3. Biometric data: the user may have to provide biometric data such as a fingerprint, photograph or retina scan.

4. Location data: smartphone GPS data and computer Mac addresses can also be used to verify the location of the user.

The need for strong authentication

Why You Need Advanced Authentication to Protect User Identities

The term ‘strong authentication’ is used to describe systems where authentication is robust enough to guarantee its security. What ‘robust enough’ means, however, depends upon the needs of the system, how critical its apps are, how sensitive the data it holds and the type of organisation it belongs to.

Some organisations may be adequately protected by two-factor authentication, however, for those with high-security requirements, multifactor authentication is the standard practice.

Many companies are now using smart card technology for authentication. Here, biometric data, passwords and other vital information is stored on a smart card and the card is used by inserting it into a reader and inputting a PIN. Contact less cards can also be used by tapping against an RFID reader. Lots of organizations use the same card to grant physical access to the companys premises.


Authentication is essential for organisations wanting to keep their systems and data secure, especially when it based in the cloud and can be accessed over the internet. To ensure your system is well protected, you should, as a minimum, use two-factor authentication. However, if you hold sensitive personal data or run critical applications online, then multifactor authentication may be the safest option.

10 Essential Features of a Cloud Backup Service

The best cloud backup services in 2021 | Tom's Guide

What would happen to your company if it lost all its data? If your critical apps, website, database and all the essential information you need to run your business suddenly vanished. You may be tempted to say that it doesn’t bear thinking about. But it does, because it happens. Hard drive failure, acts of God, human error, hacking, all these things and more can result in data death and without a backup, there’s no chance of a quick recovery.

Backups should be non-negotiable. Without them, there’s a significant risk of business failure. With them, disasters can be overcome quickly, enabling your company to get back on its feet.

That said, not all backup solutions are the same. Today, many companies have shifted their backups to the cloud as a way speed up recovery, save money and benefit from improved services. In this post, we’ll explain why cloud backups are so popular and what to look for in a provider.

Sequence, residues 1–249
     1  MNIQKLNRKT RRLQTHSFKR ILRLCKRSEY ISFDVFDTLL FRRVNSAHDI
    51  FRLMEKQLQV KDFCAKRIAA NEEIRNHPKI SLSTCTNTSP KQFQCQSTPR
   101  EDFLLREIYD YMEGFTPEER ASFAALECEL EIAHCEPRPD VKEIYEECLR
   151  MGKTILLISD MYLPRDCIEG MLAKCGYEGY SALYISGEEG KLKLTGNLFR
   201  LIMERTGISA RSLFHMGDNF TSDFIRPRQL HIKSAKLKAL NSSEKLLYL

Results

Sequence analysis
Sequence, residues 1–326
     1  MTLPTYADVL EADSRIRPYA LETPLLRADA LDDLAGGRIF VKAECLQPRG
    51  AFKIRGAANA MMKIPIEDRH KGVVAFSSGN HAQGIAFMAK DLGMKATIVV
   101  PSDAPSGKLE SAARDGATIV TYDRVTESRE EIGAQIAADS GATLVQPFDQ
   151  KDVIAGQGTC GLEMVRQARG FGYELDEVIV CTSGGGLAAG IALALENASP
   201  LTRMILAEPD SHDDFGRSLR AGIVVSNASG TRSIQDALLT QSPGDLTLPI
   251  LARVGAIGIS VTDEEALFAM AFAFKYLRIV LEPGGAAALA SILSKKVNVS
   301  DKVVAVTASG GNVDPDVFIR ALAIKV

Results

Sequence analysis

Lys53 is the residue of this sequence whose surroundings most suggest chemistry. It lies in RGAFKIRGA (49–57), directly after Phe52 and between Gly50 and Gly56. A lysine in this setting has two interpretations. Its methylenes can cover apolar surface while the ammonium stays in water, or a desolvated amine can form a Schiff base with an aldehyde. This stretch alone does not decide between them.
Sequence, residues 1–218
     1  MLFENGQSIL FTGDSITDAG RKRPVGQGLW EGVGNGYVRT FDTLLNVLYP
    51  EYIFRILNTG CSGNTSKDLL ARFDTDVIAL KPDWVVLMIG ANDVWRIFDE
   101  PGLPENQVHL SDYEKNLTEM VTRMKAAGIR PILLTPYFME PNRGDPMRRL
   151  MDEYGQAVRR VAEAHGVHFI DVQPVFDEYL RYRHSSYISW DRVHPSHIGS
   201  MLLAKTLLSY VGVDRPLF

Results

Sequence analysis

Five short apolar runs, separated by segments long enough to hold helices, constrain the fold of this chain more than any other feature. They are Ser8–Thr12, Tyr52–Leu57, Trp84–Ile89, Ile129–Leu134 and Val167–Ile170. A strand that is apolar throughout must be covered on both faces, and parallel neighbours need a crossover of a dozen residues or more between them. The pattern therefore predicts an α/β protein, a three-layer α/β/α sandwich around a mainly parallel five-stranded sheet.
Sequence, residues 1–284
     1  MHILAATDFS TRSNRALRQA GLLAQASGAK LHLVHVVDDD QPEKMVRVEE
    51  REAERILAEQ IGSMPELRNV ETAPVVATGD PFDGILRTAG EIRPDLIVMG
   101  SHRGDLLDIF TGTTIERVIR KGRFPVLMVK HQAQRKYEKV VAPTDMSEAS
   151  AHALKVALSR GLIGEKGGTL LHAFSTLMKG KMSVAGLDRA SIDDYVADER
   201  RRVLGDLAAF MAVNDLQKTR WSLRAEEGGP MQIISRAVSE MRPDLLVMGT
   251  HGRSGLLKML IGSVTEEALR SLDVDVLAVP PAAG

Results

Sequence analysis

Cloud backups explained

Considerations When Selecting Cloud Backups | Anderson Technologies

Cloud backup is third-party service that enables customers to store data, remotely, on the internet. Businesses using the cloud can backup, manage and recover data much more easily than with traditional methods that require additional, on-site storage.

The cloud offers flexibility to cope with varying storage requirements, provides affordable pay as you go pricing and gives complete control over what data is saved and how frequently you choose to back it up.

10 features you should look for in a good backup service

1. Storage space

Expand your storage space:Top 10 Cloud Storage and Backup Applications – Indian CEO

Cloud providers charge customers based on the amount of data storage they use. Whilst this works out less expensive than buying your own storage servers, you still need to consider what your likely requirements are. This will entail looking at the size of a single backup and then multiplying this by the number of backups you want to preserve at any point in time. This will help you compare the rates of individual providers.

2. Look for scalable storage

New approaches to scalable storage

The amount of data you need backing up can vary. As your company grows, your storage requirements are likely to increase and, if you occasionally carry out large-scale projects, you might want a temporary backup of the data you are using.

A good service provider will let customers increase their storage capacity on a flexible ‘as needed basis, enabling you to scale up with growth or to cover short-term needs.

3. High availability

Four nines and beyond: A guide to high availability infrastructure

What could be worse than suffering a data loss and then finding out that your backup server was offline when you need to do a disaster recovery? One thing can: discovering the server is regularly offline, so your scheduled backups didn’t take place and your critical data didn’t get saved.